75% of people are stressed about remembering passwords

Two-thirds of consumers say having their bank accounts compromised would be more stressful than losing their job, according to a Kaspersky report.

Video: Do these 3 things to keep yourself and your company cyber-secure Limor Kessem, Executive Security Advisor at IBM Security, explains the important steps everyone can take to improve personal and corporate security.

Cybersecurity stress is impacting the majority of North American consumers and professionals, according to a Kaspersky Lab report released on Monday. The majority (75%) of consumers said they are stressed by the number of passwords they have to remember. And when presented with various cybersecurity situations, 66% of respondents reported having the bank account compromised as the most stressful, outweighing the number of respondents who selected losing their job, the report found.

SEE: Special report: A winning strategy for cybersecurity (free PDF) (TechRepublic)

Along with concerns about passwords, some 68% of respondents also reported being stressed by news of data breaches, the report said. Unfortunately, data breaches are not slowing down, with more than 1,200 major incidents reported in 2018.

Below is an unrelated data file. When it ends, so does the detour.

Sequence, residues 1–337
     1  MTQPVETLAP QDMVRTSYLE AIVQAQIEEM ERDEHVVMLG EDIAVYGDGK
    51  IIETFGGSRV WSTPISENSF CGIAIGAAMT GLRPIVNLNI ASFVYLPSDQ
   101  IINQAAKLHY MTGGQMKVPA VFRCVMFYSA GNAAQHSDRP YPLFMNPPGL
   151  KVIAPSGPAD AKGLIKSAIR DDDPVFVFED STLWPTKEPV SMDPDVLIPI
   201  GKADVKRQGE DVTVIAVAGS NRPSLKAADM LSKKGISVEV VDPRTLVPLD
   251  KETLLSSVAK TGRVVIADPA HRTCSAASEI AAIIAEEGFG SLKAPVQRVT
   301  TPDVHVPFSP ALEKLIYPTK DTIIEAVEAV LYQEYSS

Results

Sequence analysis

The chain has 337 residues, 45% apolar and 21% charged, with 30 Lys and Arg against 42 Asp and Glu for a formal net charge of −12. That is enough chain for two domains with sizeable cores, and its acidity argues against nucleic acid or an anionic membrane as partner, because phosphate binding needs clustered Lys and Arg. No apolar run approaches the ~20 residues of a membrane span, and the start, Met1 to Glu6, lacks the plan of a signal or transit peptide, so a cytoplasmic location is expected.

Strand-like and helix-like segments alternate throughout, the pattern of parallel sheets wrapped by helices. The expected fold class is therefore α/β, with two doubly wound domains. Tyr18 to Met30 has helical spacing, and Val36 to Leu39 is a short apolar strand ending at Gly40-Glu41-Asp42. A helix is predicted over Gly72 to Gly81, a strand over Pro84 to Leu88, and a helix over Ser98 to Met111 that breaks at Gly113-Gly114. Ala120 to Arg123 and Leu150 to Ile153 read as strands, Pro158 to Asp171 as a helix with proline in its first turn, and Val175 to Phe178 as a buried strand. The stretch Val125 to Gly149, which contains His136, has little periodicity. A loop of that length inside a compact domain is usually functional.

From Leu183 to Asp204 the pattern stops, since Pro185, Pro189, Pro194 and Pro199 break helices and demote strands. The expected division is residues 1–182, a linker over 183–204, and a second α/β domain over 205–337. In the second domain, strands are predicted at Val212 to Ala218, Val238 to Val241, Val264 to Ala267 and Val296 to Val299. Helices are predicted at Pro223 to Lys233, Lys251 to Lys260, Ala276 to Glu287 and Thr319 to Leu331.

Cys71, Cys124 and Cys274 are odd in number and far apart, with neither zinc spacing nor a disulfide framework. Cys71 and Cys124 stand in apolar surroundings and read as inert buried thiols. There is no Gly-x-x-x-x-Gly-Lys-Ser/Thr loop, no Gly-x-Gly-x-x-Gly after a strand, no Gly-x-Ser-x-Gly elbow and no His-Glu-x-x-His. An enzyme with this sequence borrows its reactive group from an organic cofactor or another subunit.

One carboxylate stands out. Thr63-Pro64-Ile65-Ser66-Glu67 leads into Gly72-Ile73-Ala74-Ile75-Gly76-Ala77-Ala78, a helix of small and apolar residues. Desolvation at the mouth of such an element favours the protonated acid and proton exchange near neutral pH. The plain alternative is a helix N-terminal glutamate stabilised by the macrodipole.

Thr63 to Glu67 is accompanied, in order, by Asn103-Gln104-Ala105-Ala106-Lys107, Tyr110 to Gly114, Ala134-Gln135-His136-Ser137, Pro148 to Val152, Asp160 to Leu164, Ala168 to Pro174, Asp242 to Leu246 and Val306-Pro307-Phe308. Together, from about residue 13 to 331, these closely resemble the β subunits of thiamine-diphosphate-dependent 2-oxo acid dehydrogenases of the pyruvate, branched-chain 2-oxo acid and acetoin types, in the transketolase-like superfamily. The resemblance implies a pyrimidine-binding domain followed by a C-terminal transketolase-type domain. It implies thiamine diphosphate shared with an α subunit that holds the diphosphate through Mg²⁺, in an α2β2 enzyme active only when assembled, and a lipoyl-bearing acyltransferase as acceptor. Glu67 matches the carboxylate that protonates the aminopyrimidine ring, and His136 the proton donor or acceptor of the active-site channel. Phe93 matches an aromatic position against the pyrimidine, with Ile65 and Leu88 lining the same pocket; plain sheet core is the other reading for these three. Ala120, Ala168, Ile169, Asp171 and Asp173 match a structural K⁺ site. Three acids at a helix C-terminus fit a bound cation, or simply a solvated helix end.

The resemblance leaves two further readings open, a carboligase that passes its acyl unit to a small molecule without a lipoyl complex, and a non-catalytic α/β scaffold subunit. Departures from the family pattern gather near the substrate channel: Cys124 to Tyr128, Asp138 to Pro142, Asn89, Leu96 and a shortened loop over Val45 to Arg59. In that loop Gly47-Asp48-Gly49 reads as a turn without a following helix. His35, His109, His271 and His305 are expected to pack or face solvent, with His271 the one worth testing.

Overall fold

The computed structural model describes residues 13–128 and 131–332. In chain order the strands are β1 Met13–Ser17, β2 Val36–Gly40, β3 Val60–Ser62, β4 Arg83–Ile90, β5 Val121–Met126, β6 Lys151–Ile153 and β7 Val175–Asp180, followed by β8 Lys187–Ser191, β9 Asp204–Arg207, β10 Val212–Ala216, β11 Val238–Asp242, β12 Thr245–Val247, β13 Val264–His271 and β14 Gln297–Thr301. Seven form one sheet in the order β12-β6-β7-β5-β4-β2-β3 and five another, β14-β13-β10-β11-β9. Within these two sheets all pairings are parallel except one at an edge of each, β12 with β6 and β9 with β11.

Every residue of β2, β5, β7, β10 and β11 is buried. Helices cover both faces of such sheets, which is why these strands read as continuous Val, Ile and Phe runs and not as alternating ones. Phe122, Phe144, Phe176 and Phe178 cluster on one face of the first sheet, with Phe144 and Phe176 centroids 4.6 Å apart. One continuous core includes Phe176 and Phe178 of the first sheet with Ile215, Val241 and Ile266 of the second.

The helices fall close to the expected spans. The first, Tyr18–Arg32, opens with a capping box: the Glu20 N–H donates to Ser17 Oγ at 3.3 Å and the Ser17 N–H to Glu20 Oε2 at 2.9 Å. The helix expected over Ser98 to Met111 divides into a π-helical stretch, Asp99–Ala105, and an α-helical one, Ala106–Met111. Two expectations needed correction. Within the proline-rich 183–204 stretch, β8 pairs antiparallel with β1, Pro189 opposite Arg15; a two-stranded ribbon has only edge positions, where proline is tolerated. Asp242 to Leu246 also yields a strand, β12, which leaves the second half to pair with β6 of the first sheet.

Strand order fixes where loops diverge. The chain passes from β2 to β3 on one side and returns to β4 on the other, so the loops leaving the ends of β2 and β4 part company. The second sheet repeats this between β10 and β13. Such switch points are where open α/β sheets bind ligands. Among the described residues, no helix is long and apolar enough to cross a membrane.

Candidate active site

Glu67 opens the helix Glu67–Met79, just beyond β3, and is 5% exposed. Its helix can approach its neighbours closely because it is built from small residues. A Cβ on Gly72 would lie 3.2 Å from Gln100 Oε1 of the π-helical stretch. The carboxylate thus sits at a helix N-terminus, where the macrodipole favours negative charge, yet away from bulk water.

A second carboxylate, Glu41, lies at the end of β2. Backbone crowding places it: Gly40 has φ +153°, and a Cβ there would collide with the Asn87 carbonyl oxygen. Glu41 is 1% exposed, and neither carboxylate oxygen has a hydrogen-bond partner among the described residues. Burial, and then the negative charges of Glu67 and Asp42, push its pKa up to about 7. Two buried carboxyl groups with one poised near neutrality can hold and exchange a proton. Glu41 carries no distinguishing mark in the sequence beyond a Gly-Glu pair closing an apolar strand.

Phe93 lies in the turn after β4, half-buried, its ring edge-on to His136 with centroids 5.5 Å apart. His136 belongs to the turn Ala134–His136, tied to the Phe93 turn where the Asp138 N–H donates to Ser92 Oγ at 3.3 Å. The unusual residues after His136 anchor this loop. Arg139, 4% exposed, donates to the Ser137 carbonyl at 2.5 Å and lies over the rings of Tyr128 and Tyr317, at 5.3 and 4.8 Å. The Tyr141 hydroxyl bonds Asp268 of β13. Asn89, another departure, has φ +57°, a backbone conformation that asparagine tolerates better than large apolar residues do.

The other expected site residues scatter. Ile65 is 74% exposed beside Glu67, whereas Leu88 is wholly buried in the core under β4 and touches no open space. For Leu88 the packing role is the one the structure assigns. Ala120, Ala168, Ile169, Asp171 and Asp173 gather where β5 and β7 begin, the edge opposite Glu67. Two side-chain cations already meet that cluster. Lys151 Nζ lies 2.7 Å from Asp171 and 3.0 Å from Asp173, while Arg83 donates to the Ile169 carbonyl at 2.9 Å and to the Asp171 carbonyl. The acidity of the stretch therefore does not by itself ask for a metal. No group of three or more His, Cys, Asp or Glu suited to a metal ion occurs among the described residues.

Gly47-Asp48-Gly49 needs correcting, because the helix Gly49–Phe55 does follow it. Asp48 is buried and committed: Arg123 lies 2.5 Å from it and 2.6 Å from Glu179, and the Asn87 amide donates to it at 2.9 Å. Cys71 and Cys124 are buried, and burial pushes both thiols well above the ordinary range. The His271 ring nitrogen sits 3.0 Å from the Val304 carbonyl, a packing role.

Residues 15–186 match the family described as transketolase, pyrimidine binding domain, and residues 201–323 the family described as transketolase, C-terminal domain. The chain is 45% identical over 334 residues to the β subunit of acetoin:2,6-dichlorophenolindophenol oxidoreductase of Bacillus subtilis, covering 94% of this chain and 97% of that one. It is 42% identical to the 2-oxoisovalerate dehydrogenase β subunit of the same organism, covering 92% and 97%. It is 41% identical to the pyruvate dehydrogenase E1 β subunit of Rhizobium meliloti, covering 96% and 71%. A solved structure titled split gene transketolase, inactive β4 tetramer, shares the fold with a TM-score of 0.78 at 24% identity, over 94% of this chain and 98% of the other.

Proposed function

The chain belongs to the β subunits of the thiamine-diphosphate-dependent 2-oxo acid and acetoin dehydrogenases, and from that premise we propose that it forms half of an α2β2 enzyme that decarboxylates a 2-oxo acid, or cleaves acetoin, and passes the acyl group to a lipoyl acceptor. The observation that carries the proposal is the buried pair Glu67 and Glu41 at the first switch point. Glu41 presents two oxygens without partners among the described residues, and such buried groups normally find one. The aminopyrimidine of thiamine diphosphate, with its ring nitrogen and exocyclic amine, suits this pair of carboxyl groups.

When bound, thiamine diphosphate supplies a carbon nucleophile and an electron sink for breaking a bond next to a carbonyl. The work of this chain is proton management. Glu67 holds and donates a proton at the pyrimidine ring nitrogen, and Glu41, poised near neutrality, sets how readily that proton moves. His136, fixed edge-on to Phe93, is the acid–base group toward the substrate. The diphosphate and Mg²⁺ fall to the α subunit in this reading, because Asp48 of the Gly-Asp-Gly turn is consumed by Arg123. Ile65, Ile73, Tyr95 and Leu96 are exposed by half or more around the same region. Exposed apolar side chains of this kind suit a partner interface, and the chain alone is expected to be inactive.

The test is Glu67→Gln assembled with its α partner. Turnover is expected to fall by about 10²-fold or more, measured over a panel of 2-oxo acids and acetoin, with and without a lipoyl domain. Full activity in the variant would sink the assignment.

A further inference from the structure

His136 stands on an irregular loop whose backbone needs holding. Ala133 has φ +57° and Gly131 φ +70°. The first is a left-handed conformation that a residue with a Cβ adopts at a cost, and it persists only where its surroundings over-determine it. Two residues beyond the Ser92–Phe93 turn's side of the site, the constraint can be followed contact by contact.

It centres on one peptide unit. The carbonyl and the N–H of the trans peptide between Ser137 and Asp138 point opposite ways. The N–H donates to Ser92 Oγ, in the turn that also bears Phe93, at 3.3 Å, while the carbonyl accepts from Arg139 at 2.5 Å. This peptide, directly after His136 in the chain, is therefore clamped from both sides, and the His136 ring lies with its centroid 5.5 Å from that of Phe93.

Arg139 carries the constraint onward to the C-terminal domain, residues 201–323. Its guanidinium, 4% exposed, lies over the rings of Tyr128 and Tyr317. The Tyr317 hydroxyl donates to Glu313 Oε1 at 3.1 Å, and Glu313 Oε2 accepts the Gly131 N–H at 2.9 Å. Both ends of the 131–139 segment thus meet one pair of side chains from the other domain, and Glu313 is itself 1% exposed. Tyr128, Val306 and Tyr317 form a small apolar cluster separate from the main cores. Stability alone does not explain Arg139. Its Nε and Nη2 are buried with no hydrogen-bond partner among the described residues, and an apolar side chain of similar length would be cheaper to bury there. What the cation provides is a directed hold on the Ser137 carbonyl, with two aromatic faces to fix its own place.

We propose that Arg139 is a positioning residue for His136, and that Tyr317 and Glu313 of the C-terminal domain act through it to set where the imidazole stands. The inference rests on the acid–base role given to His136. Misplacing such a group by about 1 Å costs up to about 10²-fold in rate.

Despite the high levels of stress, users aren't practicing good cybersecurity hygiene, the report found. Nearly a third of respondents (30%) reported using the same passwords for either all or most of their online accounts—that number rose to 44% for respondents between the ages of 16 and 24.

"Whether you're a cybersecurity expert or just an average technology user, it can be overwhelming to feel like you're not in control of your own personal data," Brian Anderson, vice president of consumer sales at Kaspersky Lab North America, said in a press release. "However, this doesn't mean that you should tune out whenever you see cybersecurity headlines in the news, because data breaches and cyber-threats are important for all consumers to be aware of. Acknowledging cybersecurity issues without allowing them to become overwhelming is one of the best ways to manage cyber-stress."

The report recommended taking the following steps to avoid cybersecurity stress:

  • Use strong, unique passwords for each account
  • Consider using a password manager
  • Use a VPN when connecting to public Wi-Fi networks
  • Leverage a security tool that protects your accounts and systems from malware, phishing, ransomware, etc.
  • Become more educated on cybersecurity and online privacy practices

For advice on incident response best practices, check out this TechRepublic article.

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By Macy Bayern

Macy Bayern is an Associate Staff Writer for TechRepublic. A recent graduate from the University of Texas at Austin's Liberal Arts Honors Program, Macy covers tech news and trends.